Survival analysis after hip fracture: higher mortality than the general population and delayed surgery increases the risk at any time
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Purpose: To estimate survival curves in patients with hip fracture according to gender, age, type of fracture, and waiting time for surgery and to compare them with the life expectancy of the general population. The study hypothesis is that survival after hip fractures is significantly lower than in the general population, especially in cases that underwent delayed surgery, regardless of age and gender. Methods: A survival analysis study was designed and approved by our institutional ethics review board. All patients who were coded with a diagnosis of hip fracture from 2002 to 2018 were included in the study. A total of 1176 patients were included, and the median age was 81 years (18-105 years). Kaplan-Meier curves and log-rank tests were performed to compare survival curves between those who underwent surgery on time and those with surgical delays. An exponential multivariate regression model was estimated, and a hazard ratio (HR) was reported for age, gender, and wait time for surgery. A significance of 5% was used, and a confidence interval level of 95% was reported. Results: The Kaplan-Meier curves for delayed surgery (log-rank,p = 0.00) and the age group (log-rank,p = 0.00) were significantly different. Exponential regression estimated an HR 1.05 (1.05-1.07) for age, HR 1.80 (1.51-2.13) for men, and HR 1.93 (1.61-2.31) for each day of wait for surgery. Conclusions: The 2 significant findings of this study are that hip fracture patients over 40 years old have a higher risk of dying at any time compared to the general population and that the waiting time for surgery (a modifiable factor) decreases survival rates at any time.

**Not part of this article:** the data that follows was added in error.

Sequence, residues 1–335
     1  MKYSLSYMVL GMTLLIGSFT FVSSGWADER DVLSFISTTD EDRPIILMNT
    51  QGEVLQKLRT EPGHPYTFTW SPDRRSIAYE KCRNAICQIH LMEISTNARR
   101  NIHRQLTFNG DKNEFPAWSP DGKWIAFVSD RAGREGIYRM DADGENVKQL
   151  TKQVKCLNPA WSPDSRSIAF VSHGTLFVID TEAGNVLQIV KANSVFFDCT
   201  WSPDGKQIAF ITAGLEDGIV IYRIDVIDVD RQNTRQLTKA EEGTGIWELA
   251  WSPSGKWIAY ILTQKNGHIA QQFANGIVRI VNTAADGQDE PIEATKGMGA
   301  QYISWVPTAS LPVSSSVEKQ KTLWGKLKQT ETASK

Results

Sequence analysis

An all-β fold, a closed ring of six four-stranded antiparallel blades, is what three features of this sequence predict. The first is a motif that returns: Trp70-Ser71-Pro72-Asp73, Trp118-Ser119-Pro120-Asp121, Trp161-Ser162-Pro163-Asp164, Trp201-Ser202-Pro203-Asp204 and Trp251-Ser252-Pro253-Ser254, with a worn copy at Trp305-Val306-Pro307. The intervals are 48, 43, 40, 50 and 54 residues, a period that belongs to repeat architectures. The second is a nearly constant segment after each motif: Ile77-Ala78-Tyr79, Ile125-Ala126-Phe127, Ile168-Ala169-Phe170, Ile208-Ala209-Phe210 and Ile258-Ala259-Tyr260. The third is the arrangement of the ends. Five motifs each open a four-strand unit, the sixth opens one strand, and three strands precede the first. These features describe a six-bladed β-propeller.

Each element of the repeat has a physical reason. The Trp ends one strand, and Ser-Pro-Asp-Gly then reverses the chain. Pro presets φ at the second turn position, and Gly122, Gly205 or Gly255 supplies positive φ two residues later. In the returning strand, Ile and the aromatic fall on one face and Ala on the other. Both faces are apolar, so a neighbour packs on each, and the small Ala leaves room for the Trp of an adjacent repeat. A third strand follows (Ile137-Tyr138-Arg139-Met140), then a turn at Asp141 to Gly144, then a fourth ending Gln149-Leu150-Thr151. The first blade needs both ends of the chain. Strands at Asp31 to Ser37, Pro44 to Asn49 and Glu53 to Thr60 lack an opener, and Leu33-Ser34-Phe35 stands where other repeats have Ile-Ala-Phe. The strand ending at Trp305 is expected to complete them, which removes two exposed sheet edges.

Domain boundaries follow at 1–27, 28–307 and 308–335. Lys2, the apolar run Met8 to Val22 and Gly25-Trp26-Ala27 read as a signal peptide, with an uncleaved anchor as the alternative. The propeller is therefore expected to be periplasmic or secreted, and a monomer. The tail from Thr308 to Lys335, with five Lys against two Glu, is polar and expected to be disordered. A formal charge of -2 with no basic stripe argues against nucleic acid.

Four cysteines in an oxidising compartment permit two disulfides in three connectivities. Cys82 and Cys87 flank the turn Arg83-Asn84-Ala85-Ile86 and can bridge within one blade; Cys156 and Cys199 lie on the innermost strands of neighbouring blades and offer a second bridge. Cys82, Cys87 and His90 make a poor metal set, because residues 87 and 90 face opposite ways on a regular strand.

Artículo de publicación ISI
Quote ItemHIP International 2020, Vol. 30 (1S) 54– 58
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